Doctor Steven Strange (Bryce Johnson) may be a gifted surgeon but he has less than his fair share of humanity, acting for the most part like an automaton - cold and detached. After glimpsing a vision of a world hidden from most human eyes during an exciting demon-bashing prologue, Strange becomes known to a secretive cult of existential sorcerers - a band that have sworn to protect mankind from the evil machinations of an age-old entity called the Dread Dormammu who, day by day, gains a stronger foothold upon our dimension, sending forth more and more of his abominations to pave the way for his eventual coming. The fact that Strange could actually see them defeating a demon marks him out as possibly one of their kind - a fellow sorcerer. Fate being what it is with regards to superheroes-in-the-making, poor Dr Strange then suffers a mysterious and horrific car accident that ruins his hands and, naturally, destroys his promising career, leaving him no alternative but to take the advice of mysterious warrior-monk Wong (Paul Nakauchi) and head off to a mystical, and geometrically challenging, monastery in the wilds of Tibet where, with dedication, he can become “healed”. Here, under the tutelage of the wise old Ancient One (Michael Yuma), he begins to realise that there is a world beyond the one he knows and that the delicate balance between the forces of good and evil is set to break ... and that he has his own destiny to fulfil as Doctor Strange, practitioner of the dark arts and ultimate defender of humanity against all manner of beasts, aliens and hell-spawn.
“Stay in the light. They hunt in shadow ... and in great numbers.”
As is typical of the genre at large, much of this saga is entirely formulaic. But such an entrance into the weird universe of Marvel's most uncanny saviour is vital for newcomers and, much as the writers did with Tony Stark in The Invincible Iron Man (who shares the same moustachioed and angular look as Doctor Strange), a lot of the screentime is devoted to his genesis and evolution into the esteemed sorcerer. Always one of the wackiest and most off-the-wall comic pitches, Doctor Strange really only ever had a select and, appropriately, cultish following. He was a child of the sixties - his peak-collared cloak, cool silver highlights, hip amulet and billowing sleeves entrenching him firmly in the California lounge-lizard, smooth-soiree-set. His esoteric practices and penchant for arcane-phrased gobbledygook notwithstanding, Doctor Strange was the type of well-heeled playboy who could throw wild swinging parties at his trendy New Age mansion, his attitude and style the purest and most baroque form of metaphysical hedonism. It was unlikely that those who read and loved Spider-Man, The X-Men and The Avengers would also love the hippy-wizard with the Dracula cape. Personally, as a kid I used to read a fair bit of Doctor Strange - admittedly most often when he guest-appeared in one of the afore-mentioned comics - although, somewhat mystically, I can barely recall any of those stories now. I remember the strips being incredibly surreal and full of bizarre settings and characters, and that they were dripping with colour and vibrantly organic in style. Incidentally, the Star Trek Animated Series always used to me remind of Doctor Strange as it seemed to follow this dreamily exotic flavour with some of its alien landscapes, too. The appeal, for me, probably laid in the horror overtones of the story. But the only version of Strange's comic incarnation that I still have for any means of comparison is in the Marvel compendium Bring On The Bad Guys, which contains the 2-issue origin story of The Dread Dormammu, who features in this movie as the prime mover and shaker of villainy. And, to be honest, the film version captures virtually squat of the unique and mind-bending atmosphere of the book. But then, it doesn't need to.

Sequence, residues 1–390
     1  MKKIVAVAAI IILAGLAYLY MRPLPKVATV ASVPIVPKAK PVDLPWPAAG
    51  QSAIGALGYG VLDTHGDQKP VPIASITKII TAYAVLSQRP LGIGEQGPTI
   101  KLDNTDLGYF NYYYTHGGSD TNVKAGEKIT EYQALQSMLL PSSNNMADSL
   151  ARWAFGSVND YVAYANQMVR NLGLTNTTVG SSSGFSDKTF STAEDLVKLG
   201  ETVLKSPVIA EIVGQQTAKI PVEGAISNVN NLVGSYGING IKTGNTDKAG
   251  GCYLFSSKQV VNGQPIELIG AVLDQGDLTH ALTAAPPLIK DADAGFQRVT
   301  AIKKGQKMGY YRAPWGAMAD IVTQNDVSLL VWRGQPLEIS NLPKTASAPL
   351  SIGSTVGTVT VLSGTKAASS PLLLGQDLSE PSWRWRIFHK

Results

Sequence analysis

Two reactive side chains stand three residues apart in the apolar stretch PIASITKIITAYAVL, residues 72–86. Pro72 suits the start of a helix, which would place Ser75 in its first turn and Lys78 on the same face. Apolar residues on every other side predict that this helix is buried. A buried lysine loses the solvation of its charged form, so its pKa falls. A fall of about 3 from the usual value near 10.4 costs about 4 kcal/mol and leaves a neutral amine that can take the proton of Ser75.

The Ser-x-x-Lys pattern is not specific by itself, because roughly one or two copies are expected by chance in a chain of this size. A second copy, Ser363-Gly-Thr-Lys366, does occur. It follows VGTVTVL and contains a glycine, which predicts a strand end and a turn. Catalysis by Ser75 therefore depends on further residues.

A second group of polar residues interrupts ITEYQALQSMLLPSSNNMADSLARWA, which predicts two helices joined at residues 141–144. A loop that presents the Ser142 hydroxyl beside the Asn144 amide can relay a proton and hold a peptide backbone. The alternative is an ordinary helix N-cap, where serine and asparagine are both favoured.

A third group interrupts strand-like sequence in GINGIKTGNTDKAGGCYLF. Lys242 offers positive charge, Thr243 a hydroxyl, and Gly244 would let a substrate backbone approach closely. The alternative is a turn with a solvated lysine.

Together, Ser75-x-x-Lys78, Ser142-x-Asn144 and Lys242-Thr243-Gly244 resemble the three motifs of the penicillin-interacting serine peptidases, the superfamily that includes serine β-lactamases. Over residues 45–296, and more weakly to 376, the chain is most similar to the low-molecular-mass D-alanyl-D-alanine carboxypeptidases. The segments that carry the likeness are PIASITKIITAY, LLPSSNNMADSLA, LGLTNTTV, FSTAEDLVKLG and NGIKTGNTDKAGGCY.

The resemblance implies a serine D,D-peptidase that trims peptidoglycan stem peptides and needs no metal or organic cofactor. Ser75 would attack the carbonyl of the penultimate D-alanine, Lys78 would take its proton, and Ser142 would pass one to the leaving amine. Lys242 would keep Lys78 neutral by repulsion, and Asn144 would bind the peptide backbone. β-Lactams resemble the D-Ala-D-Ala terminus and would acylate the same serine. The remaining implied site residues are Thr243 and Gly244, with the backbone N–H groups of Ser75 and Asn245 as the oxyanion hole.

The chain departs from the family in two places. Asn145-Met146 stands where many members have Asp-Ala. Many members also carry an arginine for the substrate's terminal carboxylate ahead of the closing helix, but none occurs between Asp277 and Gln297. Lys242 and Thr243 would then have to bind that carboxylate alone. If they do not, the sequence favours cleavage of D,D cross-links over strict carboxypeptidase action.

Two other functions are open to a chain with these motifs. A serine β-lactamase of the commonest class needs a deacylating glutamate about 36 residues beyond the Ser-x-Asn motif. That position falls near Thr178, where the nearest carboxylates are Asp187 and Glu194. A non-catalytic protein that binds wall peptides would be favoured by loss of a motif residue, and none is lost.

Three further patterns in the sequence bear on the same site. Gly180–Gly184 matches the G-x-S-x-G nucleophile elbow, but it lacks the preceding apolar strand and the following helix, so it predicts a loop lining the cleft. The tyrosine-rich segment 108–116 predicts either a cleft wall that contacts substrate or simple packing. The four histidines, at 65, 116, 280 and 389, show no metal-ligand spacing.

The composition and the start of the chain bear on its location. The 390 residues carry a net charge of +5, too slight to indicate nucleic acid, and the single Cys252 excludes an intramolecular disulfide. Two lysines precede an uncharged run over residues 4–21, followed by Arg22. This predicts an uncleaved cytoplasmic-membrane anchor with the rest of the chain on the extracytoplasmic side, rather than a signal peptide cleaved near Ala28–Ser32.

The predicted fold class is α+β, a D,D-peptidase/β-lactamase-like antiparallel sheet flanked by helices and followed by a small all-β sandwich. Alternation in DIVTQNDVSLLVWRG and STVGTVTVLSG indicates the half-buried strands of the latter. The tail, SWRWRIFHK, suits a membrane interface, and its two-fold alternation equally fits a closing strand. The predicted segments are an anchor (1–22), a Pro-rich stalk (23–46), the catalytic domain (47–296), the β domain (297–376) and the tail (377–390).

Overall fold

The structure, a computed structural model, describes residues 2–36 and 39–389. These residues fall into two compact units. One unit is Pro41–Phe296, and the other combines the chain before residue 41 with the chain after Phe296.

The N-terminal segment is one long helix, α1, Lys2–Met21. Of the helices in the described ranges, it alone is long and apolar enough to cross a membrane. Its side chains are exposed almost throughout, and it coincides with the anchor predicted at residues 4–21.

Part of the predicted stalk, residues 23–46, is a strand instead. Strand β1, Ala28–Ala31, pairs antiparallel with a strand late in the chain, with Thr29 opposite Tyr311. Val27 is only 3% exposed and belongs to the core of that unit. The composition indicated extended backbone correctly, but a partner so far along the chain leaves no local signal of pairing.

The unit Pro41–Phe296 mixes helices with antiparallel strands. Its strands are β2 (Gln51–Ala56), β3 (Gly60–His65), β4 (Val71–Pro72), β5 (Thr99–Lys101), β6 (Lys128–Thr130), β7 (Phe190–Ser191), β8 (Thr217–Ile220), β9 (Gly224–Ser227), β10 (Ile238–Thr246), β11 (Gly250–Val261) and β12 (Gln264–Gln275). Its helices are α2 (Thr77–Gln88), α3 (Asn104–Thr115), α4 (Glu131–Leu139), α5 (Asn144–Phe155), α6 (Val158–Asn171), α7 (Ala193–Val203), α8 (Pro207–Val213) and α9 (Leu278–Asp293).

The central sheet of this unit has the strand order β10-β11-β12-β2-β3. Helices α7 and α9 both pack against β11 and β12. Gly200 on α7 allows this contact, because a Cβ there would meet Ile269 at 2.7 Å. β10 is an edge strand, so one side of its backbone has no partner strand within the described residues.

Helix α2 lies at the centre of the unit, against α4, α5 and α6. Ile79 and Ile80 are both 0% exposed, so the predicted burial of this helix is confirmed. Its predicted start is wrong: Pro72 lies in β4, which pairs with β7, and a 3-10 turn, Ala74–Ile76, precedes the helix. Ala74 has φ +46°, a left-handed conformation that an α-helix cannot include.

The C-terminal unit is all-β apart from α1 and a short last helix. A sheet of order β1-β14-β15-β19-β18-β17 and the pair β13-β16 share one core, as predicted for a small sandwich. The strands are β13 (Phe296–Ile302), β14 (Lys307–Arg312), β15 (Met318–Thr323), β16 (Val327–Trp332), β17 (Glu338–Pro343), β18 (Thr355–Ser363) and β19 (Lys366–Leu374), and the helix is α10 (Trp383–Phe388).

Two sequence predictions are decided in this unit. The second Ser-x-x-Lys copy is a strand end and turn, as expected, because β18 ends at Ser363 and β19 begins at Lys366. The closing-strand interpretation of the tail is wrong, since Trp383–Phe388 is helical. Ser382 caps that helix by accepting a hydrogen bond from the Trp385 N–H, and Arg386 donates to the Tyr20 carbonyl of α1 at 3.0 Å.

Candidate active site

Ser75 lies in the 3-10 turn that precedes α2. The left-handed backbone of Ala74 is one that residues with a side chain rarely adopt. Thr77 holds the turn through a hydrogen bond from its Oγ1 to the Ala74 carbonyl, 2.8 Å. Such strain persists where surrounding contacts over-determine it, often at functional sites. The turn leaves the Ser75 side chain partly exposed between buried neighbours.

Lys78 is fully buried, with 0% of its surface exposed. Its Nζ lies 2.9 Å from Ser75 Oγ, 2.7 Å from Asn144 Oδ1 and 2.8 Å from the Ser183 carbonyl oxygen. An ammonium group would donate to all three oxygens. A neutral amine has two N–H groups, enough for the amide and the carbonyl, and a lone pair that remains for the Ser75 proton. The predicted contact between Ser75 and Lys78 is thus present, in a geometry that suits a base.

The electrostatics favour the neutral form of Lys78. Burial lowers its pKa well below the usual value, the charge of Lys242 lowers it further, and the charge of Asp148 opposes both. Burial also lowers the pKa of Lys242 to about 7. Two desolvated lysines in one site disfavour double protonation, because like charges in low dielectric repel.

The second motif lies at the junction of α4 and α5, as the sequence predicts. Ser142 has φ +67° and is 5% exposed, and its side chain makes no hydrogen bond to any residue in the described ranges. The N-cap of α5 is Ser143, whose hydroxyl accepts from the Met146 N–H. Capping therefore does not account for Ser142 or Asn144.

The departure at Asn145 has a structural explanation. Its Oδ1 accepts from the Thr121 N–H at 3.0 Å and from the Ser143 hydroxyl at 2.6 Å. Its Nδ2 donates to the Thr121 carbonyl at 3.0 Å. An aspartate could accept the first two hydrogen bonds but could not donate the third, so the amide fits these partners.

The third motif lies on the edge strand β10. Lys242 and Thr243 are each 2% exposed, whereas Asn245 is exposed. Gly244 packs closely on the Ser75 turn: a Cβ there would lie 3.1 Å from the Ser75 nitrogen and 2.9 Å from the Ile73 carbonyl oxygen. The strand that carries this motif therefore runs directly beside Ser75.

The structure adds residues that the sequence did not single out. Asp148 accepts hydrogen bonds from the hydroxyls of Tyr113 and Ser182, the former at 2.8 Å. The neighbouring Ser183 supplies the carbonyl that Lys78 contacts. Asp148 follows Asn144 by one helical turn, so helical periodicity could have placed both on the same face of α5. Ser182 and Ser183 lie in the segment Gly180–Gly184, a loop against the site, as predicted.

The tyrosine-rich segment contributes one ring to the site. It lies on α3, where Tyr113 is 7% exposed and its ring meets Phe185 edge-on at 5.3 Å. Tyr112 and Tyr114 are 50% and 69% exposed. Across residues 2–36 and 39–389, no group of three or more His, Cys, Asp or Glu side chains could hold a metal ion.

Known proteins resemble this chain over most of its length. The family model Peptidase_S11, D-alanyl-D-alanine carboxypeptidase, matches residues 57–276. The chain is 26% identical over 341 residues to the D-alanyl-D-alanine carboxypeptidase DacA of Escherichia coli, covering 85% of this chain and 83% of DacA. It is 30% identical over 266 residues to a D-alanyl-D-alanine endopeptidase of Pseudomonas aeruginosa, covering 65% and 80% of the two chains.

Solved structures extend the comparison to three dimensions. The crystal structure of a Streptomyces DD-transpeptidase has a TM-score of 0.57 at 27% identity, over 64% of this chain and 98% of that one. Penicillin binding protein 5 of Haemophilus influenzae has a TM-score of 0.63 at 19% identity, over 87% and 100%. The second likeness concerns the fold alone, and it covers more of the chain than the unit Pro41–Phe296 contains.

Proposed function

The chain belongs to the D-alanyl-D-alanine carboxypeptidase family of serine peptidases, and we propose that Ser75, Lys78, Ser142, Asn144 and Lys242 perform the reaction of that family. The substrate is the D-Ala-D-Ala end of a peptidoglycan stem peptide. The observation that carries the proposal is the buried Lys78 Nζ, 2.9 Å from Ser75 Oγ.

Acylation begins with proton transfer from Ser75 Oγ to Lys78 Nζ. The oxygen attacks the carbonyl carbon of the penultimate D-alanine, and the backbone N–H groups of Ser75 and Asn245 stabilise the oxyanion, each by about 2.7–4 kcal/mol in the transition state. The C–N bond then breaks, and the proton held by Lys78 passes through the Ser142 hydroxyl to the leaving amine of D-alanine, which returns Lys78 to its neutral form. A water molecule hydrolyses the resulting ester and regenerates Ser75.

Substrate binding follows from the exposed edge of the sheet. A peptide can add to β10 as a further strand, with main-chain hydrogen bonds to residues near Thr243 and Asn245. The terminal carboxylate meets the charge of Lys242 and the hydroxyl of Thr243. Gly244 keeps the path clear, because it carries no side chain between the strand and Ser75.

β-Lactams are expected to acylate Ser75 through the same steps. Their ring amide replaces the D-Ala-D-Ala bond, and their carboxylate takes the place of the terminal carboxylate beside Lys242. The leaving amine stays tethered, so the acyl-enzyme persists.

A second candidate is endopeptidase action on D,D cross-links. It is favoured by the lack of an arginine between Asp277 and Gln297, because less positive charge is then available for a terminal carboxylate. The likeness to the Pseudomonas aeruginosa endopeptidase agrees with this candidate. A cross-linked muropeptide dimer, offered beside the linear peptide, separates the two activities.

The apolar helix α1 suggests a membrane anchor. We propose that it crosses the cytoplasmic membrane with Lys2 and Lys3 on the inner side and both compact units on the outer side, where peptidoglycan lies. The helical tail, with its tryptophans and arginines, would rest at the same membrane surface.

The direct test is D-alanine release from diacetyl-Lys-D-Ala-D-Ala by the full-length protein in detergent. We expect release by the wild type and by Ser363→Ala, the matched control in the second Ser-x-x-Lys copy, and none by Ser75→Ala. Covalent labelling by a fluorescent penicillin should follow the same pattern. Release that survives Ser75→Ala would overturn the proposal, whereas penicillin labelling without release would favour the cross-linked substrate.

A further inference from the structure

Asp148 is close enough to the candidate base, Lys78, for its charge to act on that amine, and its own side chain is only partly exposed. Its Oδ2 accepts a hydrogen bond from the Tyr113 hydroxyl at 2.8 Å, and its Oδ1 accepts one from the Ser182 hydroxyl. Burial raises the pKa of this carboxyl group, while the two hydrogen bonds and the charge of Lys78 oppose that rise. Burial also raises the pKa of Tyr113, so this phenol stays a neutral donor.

“A weapon forged from air. But tell me ... is it real?”
Writers Greg Johnson and Craig Kyle have a difficult job to do in bringing the cloak-swishing, spell-casting icon into the present day and making him feel relevant. To their credit, they create a believable modern world that is oblivious to the demonic conflict raging all around them and place Strange's hard-nosed shell of a man convincingly into the heart of a moral dilemma that will drastically alter his life. They keep the pace pretty taut and toss in quite a few monstrous interludes whenever things threaten to become bogged down in exposition and spiritual edification. Dormammu's minions are plentiful and wild. Big, fang-mawed monstrosities rage through city-streets, scaling walls and hurling cars. Packs of ravenous wolf-creatures dwell in the park. A host of zombified children gravitate spookily towards the evil will of their master. But the best critters are the swarms of flying piranha that teem like a plague of locusts from out of the black satanic clouds, stripping innocent passers-by to the bone in seconds. Of course, the whole prophecy-caboodle has been done to death and the last-act extravaganza of the big baddie finally being revealed in all his flaming glory and not quite living up to expectations is thoroughly clichéd, but Doctor Strange still carries a very agreeable momentum and juggles its mysticism, action and character-development with wit and skill.